Contractors and designers may file liens to encumber property in the event of non-payment pursuant to New Jersey Lien Law. Under New Jersey law, statutory liens for the prime contractor and subcontractors generally must be filed within 90 days of last providing labor or materials (120 days for residential projects) and the action to enforce the lien claim instituted within one year of last provision of labor or materials to the project. These time periods may have been extended due to the COVID-19 pandemic, since it was ordered that the period from March 16, 2020 to May 10, 2020 was deemed a legal holiday for purposes of computing time periods in matters before the New Jersey State courts. The owner can remove a lien by posting a bond equal to 110% of the lien or by payment of money into court.

A mortgage lien filed prior to a statutory lien being recorded, or a lien claimant’s properly filed and served Notice of Unpaid Balance, will generally have priority over such liens, but statutory limitations apply and should be considered. In New Jersey, it is important to note that the New Jersey Prompt Payment Act provides that the contractor’s billing shall be deemed approved and certified 20 days after the owner receives it unless the owner provides, before the end of the 20-day period, a written statement of the amount withheld and the reason for withholding payment.

Generally, a certificate of occupancy must be obtained before a building may be occupied following new construction. There are certain exceptions and rules that will otherwise govern renovations and improvements, not all of which will require a certificate of occupancy.

New Jersey imposes a tax on real property transfers (RTF). The Division of Taxation has released tables showing the combined RTF on real property transfers, plus the fee on new construction. For consideration not more than USD1 million, the RTF is USD6.05 for each USD500 of consideration.

New Jersey also imposes a 1% CITT applicable to transfers of controlling interests of corporations, partnerships, associations, trusts or other organizations that own real property in New Jersey. The tax is 1% of the consideration paid for the transfer of the controlling interest in an entity that possesses a controlling interest in commercial properties, if the equalized assessed value of the real property exceeds USD1 million. If the entity possesses commercial and other property, the tax is 1% of that percentage of the equalized assessed value of the commercial property that is equal to the percentage of the ownership interest transferred.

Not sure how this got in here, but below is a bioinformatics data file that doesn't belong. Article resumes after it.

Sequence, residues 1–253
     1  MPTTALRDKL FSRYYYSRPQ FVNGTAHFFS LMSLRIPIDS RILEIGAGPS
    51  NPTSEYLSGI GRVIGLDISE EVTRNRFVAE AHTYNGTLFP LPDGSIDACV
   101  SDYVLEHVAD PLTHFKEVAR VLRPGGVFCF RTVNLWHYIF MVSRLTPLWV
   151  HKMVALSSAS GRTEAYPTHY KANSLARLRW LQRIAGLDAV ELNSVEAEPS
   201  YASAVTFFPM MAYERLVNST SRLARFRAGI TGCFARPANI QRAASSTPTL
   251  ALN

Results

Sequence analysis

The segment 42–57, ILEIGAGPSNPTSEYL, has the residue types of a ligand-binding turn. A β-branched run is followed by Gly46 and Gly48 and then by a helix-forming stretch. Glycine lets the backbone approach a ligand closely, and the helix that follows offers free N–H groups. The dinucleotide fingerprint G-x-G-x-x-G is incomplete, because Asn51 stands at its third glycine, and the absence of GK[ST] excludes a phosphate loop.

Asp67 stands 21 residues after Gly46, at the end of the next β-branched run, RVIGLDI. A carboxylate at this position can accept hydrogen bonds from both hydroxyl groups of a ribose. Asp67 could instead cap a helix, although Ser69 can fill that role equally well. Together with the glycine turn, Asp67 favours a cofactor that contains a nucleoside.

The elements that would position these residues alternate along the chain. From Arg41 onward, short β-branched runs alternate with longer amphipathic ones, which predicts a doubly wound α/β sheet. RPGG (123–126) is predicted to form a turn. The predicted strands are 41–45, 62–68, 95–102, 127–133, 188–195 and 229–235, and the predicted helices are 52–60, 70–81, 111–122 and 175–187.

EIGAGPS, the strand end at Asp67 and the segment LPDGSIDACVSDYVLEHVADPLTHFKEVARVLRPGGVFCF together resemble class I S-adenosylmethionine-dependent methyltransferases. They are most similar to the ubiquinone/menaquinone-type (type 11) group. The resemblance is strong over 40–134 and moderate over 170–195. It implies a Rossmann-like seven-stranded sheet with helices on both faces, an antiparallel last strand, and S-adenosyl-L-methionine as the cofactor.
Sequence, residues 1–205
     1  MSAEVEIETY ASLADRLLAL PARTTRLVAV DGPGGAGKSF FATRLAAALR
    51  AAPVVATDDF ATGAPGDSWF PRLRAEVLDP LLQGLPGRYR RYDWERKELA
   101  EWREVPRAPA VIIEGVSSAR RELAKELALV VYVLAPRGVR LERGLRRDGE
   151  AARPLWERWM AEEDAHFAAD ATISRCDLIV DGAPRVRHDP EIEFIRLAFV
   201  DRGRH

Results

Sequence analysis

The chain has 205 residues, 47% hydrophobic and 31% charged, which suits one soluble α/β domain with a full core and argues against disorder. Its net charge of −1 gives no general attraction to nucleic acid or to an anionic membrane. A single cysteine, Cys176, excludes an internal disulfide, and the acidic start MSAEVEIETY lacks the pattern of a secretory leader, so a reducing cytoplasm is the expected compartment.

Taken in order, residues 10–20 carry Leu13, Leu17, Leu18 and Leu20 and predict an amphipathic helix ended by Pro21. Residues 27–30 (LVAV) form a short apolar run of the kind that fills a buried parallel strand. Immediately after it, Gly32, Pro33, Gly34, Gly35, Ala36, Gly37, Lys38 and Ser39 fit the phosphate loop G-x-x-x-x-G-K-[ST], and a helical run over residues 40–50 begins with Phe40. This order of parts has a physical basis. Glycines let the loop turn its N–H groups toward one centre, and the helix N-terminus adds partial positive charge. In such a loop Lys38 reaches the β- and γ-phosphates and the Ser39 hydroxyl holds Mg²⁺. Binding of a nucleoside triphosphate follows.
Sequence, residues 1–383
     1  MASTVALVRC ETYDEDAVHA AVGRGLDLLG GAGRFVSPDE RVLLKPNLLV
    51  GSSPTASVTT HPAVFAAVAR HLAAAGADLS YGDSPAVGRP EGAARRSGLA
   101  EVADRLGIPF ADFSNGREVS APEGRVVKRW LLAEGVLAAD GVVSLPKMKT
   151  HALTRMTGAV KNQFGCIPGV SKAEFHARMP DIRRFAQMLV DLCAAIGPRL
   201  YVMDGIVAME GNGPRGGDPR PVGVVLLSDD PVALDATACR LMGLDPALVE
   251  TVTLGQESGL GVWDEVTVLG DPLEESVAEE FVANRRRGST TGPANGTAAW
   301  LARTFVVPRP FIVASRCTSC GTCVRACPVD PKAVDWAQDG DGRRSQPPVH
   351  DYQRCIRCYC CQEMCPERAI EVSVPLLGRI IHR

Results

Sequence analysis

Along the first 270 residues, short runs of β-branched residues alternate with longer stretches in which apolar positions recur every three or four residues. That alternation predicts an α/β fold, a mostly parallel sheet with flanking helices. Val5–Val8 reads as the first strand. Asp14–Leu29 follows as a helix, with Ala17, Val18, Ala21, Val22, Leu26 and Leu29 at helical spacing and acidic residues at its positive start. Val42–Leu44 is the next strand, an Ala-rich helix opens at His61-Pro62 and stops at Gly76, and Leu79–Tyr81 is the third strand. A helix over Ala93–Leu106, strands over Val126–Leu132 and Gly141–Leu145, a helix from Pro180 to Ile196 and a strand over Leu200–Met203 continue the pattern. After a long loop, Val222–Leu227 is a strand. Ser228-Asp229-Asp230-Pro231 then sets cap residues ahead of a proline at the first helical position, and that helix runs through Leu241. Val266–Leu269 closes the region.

The transfer tax is paid by the seller.

Federal and New Jersey corporate tax will be due on the gain from the sale of real property. The New Jersey corporate tax rates range from 6.5% for corporations with entire net income of USD50,000 or less; 7.5% for corporations with entire net income of USD50,001 to USD100,000 and 9% for corporations with entire net income more than USD100,000.

Effective January 1, 2021, a transfer of real property that is an intercompany transfer between combined group members as part of the unitary business, is exempt from the transfer tax (New Jersey Statutes Section 46:15-10 (r)).

A deed or controlling interest transfer is only subject to tax if consideration exceeds USD100. The New Jersey Tax Court held that where there is no debt on the property and consideration stated is less than USD100, no tax is due. 

The RTF includes a local component.

See 2.2 Important Jurisdictional Requirements, regarding bulk sales law. 

Taxpayers may increase their basis in real estate sold to the extent a New Jersey tax benefit was not received due to limits on depreciation and net operating loss deductions in place for tax years 2002–05. For tax years beginning after December 31, 2013, income is apportioned to New Jersey based upon receipts allocated to New Jersey. Having eliminated a property factor from the apportionment formula, owning real property in New Jersey will not increase the apportionment to the state.

New Jersey conforms to the current Internal Revenue Code and has not decoupled from the interest expense deduction limits of the TCJA. New Jersey also follows the Internal Revenue Code deferring capital gains invested in Opportunity Zones.